1. Keep an unopened can or jar of olives in a cool, dark place, like your pantry. It varies between manufacturers and their conservation process, but olives in brine can stay unopened for several years. Olives in oil can last only a few months. Once the jar is open, olives in brine can last for a few months, but those in oil should be consumed in a couple of weeks.
  2. Once your jar is open, reseal well the left-overs, making sure that all olives are still covered in their liquid. Most olive manufacturers suggest keeping the olives once their container is open in the fridge. Depending on the quality of their conservation, they might be stored out of the fridge if the temperature is not higher than 68°F or 20°
  3. If you opened a can of olives and did not finish them all, you will have to de-cant them in a well-sealed glass jar. Again, they have to be covered in their liquid to stay preserved. It goes both for olives in brine and those preserved in oil. It is strongly suggested to store them in the fridge.
  4. In the places where fresh olives are growing, many people are tempted to do the preservation themselves. Fresh olives cannot be eaten fresh, they are too bitter. They need to go through the process of preservation, which not only makes them less bitter but keeps them fresh longer.

While the process of preserving olives seems pretty straight-forward, it is important to follow instructions when it comes to the strength of the brine as well as the hygiene during the same process. Very often it is the process that introduces the harmful microorganisms. If the brine is strong enough, the bacteria can be eliminated. If not, you risk a bad stomach upset.

  1. Black, ripe olives are often preserved in oil, but even they have first to be made less bitter in salty water.

  1. Greeks have been conserving olives for thousands of years and they came up with some original ways of conserving. One way they treat Kalamata olives is by keeping them in the seawater for months and then pickling them in wine vinegar and spices. Modern Greek olive exporters say that olives preserved like this do not need to be refrigerated after opening the jar.
  2. Any method of storing olives is only as good as their original preservation. Whenever you can, buy the best quality olives you can afford. Not only they taste better, but they will last longer.

The risk of consuming expired olives

The risk of consuming expired olives
Image: Lucky Belly

You must really love olives to risk eating them after their expiration date. It is possible that they managed to stay good if they were in the original unopened jar or can and stored in a cool, dark place.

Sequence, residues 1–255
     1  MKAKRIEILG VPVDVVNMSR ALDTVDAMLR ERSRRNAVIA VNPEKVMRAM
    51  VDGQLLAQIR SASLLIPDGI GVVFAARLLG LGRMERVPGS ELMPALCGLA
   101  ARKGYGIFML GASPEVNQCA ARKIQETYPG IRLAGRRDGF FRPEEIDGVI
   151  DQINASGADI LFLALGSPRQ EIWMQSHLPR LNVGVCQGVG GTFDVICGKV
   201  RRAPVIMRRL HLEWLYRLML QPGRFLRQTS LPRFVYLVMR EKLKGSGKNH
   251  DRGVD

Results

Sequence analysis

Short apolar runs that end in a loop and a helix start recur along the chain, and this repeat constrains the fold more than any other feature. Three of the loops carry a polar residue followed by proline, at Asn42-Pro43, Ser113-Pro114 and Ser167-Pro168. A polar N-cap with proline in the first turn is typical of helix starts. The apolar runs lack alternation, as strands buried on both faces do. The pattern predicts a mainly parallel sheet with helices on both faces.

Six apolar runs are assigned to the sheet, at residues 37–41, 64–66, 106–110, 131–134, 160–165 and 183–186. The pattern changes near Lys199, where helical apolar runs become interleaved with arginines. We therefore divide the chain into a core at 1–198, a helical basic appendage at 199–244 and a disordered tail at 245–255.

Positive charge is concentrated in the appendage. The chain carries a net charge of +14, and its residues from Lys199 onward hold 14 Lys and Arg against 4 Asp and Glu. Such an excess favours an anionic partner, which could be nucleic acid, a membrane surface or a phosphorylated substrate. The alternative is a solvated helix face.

But if not, you risk at least an upset stomach, feeling like having food poisoning. In worse cases, if your olives were really bad or you ate too many, you might get bad diarrhea or vomiting and risk dehydration. It is also possible to contract botulism from improperly prepared or stored olives.

Can you freeze olives?

Olives are fruits and can be frozen just like any other fresh fruit. Wash them well and store them in a well-sealed container. Leave about half an inch empty at the top in case they expand during freezing.

It is a good idea to brine the olives before freezing to eliminate olives’ slightly bitter taste. Make the brine by mixing a gallon of water with four ounces of salt. Boil olives in the brine for about 15 minutes, then rinse in cold water and store in an airtight container before freezing.

Brining greatly improves the texture of olives, which sometimes get dehydrated when frozen, becoming shriveled and soft.

Experienced chefs suggest mixing the brine with your favorite spices before boiling olives in it.

It is also possible to freeze preserved olives from a can or jar. Since they can lose their texture from freezing, one tip is to place them in muffin tins and top them with water before freezing the whole tin. Once frozen, you can place your ‘olive muffins” in a tight container or a Ziploc bag.

Summary

Olives are considered extremely healthy and are part of the healthy Mediterranean diet. They are a great addition to many dishes and make an excellent martini even better.

While olives can get bad, they can stay fresh for a long time if they are well-preserved and stored according to the advice on a can or jar. It is important to purchase good quality olives which were conserved in the best way to create the environment that keeps olives from getting affected by harmful bacteria.

After opening a jar or can, the leftover olives should be left in their original liquid – brine or oil. While some manufacturers suggest that it is fine to keep them out of the fridge, it is better to err on the safe side and place the leftovers in the fridge. So, can olives go bad? Yes, but there is much you can do to prevent it.

Leave a Comment

0 Shares
Tweet
Share
Pin